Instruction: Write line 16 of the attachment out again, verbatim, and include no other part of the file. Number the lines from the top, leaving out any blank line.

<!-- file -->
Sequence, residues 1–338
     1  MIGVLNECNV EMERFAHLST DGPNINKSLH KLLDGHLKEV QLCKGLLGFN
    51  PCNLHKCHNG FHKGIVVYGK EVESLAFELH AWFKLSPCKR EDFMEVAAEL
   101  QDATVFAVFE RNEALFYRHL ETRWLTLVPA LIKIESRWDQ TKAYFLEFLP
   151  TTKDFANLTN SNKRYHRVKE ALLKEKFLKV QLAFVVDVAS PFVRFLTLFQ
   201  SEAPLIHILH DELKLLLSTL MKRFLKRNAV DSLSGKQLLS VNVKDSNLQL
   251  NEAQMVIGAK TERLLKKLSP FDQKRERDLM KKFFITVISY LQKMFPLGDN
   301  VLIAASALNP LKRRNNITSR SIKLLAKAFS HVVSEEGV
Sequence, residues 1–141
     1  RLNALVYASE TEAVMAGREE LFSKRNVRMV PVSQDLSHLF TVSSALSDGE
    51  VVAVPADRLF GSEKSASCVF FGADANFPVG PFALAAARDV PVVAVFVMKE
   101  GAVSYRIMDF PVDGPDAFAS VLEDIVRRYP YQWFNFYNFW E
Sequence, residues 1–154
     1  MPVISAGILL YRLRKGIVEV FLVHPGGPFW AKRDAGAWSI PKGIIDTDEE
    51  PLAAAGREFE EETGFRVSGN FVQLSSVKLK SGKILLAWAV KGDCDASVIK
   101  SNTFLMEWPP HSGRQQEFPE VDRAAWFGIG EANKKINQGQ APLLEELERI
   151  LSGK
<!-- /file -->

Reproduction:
   101  SNTFLMEWPP HSGRQQEFPE VDRAAWFGIG EANKKINQGQ APLLEELERI